The scientist father of a teenage girl and boy accidentally shrinks his and two other neighborhood teens to the size of insects. Now the teens must fight diminutive dangers as the father searches for them.
Daniel Hillard is an eccentric actor who specializes in dubbing voices for cartoon characters. Daniel is a kind man and a loving father to his three kids Lydia, Chris, and Natalie, but Daniel's wife Miranda sees him as a poor disciplinarian, and a bad role model. After Daniel throws an elaborate and disastrous birthday party for Chris, Miranda reaches the end of her limited patience, and files for a divorce. Daniel is heartbroken when Miranda is given custody of the kids and he's only allowed to visit them once a week. Determined to stay in contact with his kids, Daniel discovers that Miranda is looking for a housekeeper, and with help from his brother Frank, a makeup artist, Daniel gets the job, disguised as Mrs. Iphegenia Doubtfire, a British nanny. Daniel pulls off the ruse so well that neither Miranda nor his children recognize him, and in the process, he learns some parenting tips. Daniel also has to deal with Miranda's new boyfriend, a jerk named Stu Dunmeyer. Written by
During the scene were Mrs Doubtfire's children are watching her on TV during her new job, she mentions that the next weeks show is going to England and quotes "That's where I come from" but her accent is distinctly Scottish. See more »
When Daniel/Mrs. Doubtfire is in the kitchen looking in the fridge, the cameraman is reflected in the frying pan that he picks up. See more »
[as Grunge the Cat]
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Emotional and funny, one of the most vivid character studies ever. ***1/2 out of ****.
MRS. DOUBTFIRE (1993) ***1/2
Starring: Robin Williams, Sally Field, Mara Wilson, and Pierce Brosnan
Directed by Chris Columbus. Written by Leslie Dixon and Randi Mayem Singer. Running time: 125 minutes. Rated PG-13 (for sexual references and some language)
By Blake French:
"Mrs. Doubtfire" is one of the most invigorating, vivid character studies to be produced on the big screen this decade. Most of the characters are strongly executed with decisive dialogue. They are also beautifully written with tainted personalities and uncompromising wit. Chris Columbus has assembled a stellar dramatic comedy with excellent screen writing, giving audiences one of the most punctually artful films I have ever witnessed.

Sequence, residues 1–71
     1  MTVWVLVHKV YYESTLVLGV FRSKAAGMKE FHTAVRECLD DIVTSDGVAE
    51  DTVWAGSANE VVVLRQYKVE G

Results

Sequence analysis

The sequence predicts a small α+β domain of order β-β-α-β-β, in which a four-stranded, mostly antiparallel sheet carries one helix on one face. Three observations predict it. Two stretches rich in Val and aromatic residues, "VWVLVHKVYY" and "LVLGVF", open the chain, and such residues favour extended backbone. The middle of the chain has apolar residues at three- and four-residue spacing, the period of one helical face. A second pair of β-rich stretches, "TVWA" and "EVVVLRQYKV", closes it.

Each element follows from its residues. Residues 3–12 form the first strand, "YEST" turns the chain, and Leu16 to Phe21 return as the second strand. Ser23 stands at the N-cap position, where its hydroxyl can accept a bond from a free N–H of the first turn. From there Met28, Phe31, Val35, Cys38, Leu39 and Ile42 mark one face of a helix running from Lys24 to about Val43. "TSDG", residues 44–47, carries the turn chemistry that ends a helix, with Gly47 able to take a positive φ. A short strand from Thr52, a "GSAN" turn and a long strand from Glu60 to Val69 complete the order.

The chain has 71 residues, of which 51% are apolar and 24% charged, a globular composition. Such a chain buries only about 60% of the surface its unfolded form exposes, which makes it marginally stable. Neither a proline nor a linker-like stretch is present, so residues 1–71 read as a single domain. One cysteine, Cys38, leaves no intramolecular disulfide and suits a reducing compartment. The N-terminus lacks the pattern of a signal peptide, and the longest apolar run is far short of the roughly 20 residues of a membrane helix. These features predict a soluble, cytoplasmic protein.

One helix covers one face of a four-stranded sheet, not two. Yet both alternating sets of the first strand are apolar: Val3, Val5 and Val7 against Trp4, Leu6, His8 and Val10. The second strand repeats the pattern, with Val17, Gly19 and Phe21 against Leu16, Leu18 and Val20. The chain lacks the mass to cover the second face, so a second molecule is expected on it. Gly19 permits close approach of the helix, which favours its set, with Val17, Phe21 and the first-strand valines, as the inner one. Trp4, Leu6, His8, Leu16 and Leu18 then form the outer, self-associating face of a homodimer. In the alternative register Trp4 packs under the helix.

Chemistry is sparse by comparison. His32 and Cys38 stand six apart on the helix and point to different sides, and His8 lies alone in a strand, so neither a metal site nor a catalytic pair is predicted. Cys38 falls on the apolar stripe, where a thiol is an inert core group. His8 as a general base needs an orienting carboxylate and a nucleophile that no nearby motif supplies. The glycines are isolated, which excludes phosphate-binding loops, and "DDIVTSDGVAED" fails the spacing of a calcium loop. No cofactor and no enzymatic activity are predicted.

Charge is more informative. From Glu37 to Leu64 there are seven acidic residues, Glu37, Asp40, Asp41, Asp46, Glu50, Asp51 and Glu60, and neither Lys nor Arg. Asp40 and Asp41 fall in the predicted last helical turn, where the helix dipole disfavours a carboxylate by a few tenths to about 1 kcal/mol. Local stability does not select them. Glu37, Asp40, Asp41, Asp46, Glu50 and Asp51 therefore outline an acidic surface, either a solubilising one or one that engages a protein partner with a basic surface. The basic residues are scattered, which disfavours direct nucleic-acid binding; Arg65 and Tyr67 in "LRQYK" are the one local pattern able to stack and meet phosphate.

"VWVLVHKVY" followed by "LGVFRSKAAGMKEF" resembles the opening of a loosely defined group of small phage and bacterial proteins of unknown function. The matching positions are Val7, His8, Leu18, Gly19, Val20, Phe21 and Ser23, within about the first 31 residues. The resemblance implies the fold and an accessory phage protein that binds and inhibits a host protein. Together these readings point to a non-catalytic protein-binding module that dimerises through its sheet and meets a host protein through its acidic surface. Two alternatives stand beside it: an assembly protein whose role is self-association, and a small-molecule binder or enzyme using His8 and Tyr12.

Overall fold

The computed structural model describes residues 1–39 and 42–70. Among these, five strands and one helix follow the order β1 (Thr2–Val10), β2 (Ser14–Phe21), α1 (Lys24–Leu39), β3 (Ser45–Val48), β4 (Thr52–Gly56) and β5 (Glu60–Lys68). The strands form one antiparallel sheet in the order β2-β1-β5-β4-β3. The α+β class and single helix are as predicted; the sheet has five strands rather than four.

The opening scene is as brilliantly structured as screen writing otherwise comes. It has a middle-aged man named Daniel, whom we learn about as he quits his job as a vocal performer for a children's cartoon after he realizes his employers are immoral. This sequence provides us with a development of the character's inner personality, strong morals and consciences. The audience also leans that he is a silly, easy going person. We soon find out it is these characteristics that propel the movie into the first plot point.
Daniel's wife, Miranda, wishes to divorce him because he is too goofy and immature. We are propelled quickly into the firm second act after the divorce. Before this point, we have witnessed both actions and dialogue reallocating Daniel's love and compassion for his family, especially his children. The film sets up the for following events using Robin Williams character as the plot advancer.
Daniel lusts for time with his children so much, he confidentially disguises himself as a sixty year old woman then applies for a day-care job for his ex-wife--this would allow him to be around his children more often. Miranda falls for it, and the master of disguise gets his opportunity. The film then takes us through a hilarious and emotional journey into the lives of a typical American divorced family.
The internal problem becomes more complex when Daniel's ex wife shows romantic interest in a new boyfriend, underplayed by Pierce Brosnan. The filmmakers could have done more with the Brosnan character. Here, he seems developed with repetition and dialogue. Although his purpose is to accommodate romantic competition, we don't know enough about him to care that much.
"Mrs. Doubtfire" contains some material that fairs as overly blunt and outwardly apprehensive. Although the overall presentation is understandable and relative, I still think the picture could have been better with more careful script writing. Even such, we are able to witness a powerful, touching film with a conclusion that is so settling, you will cry with joy.
Brought to you by 20th Century Fox.
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